French Polynesia Travel Budget

How much does it cost to travel to French Polynesia?

How much money will you need in French Polynesia? F14,620 ($139) is the average daily price for traveling in French Polynesia. The average price of food for one day is F4,223 ($40). The average price of a hotel for a couple is F14,686 ($139). Additional pricing is in the table below. These average travel prices have been collected from other travelers to help you plan your own travel budget.

  • Average Daily Cost Per person, per day
    F14,620
  • One Week Per person
    F102,339
  • 2 Weeks Per person
    F204,677
  • One Month Per person
    F438,594
  • One Week For a couple
    F204,677
  • 2 Weeks For a couple
    F409,355
  • One Month For a couple
    F877,189


How expensive is French Polynesia?
  • Accommodation1 Hotel or hostel for one person
    F7,343
  • Food2 Meals for one day
    F4,223
  • Local Transportation1 Taxis, local buses, subway, etc.
    F4,777
  • Entertainment1 Entrance tickets, shows, etc.
    F1,863
  • Intercity Transportation1 Travel between cities
    F1,994
  • Alcohol2 Drinks for one day
    F2,445
Last Updated: Mar 26, 2018


French Polynesia flights, hotels, and rental cars
More information
French Polynesia On a Budget
French Polynesia Bora Bora, French Polynesia
French Polynesia is an overseas country associated with France that consists of a set of islands in the South Pacific Ocean. Consisting of more than 100 islands and 5 distinct archipelagoes, the landscapes are defined by coral-lined lagoons, white and black sand beaches, volcanic mountains, rugged backcountry, and spectacular waterfalls.

As a whole, French Polynesia is divided into regions by groups of islands. The Society Islands are the most inhabited, and are surrounded by coral reefs and lagoons. They are further sectioned off into the Leeward Islands, which include Bora Bora, Huahine, Maupiti, and Raiatea, and the Windward Islands, such as Moorea and Tahiti, which is home to the capital Papeete. The next group encompasses the Tuamotu Islands, an expansive central archipelago, consisting of low reef islands or atolls, and notable for the island of Rangiroa. The Marquesas Islands are a smaller northeastern archipelago located near the equator. They are characterized by steep mountains inhabited by wild horses, goats, and pigs. Nuku Hiva and Hiva Oa are two of the better known islands in this group. Located to the southeast are the Gambier Islands, which are rarely visited and some of the least inhabited. Mangareva is the largest and only island in this group that is developed for tourism. With its smaller surrounding islands, this island makes up the remains of gigantic crater. The final group consists of the Austral Islands to the southwest. These are further divided into the Tubuai Islands and Bass Islands, and feature ancient volcanoes.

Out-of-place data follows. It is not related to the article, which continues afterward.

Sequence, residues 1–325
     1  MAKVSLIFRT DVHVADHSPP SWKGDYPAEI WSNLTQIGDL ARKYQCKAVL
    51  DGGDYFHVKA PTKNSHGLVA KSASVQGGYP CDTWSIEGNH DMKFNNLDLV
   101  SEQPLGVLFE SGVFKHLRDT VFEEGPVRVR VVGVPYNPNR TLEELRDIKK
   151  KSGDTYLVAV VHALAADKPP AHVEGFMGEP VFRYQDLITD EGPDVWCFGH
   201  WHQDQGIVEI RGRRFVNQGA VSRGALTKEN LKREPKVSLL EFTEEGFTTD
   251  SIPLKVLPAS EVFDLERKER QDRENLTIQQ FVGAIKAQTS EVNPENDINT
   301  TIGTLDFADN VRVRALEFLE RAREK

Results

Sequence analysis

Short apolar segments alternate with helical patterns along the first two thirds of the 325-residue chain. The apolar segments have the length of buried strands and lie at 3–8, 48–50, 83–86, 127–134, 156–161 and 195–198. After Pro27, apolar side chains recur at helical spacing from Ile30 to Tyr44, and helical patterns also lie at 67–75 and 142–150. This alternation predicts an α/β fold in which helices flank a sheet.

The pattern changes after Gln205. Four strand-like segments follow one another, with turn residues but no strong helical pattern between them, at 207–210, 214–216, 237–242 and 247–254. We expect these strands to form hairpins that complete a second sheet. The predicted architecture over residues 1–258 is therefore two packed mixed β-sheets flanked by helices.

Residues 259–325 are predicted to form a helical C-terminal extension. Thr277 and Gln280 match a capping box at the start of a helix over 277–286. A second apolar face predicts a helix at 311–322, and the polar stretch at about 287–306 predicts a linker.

The islands and the surrounding waters have many beautiful features that can be explored in a variety of ways. There are a number of small boat cruises off of the main tourist-friendly islands that offer activities like snorkel, scuba, and Jet Ski in the open Pacific waters as well as in the quieter reefs and lagoons. Some boat tours are even specialized, such as excursions for snorkeling with sharks and stingrays, deep-sea fishing, or sunset and dinner cruise packages. Other seaside activities consist of beachside fun, sunbathing, swimming, and snorkeling on your own along white sand or volcanic black sands on any of French Polynesia's island coasts. Opportunities to be had inland are abundant as well, including hiking to towering waterfalls, exploring the rugged island terrain with 4WD vehicles, biking, wildlife-watching, and stargazing in the evenings.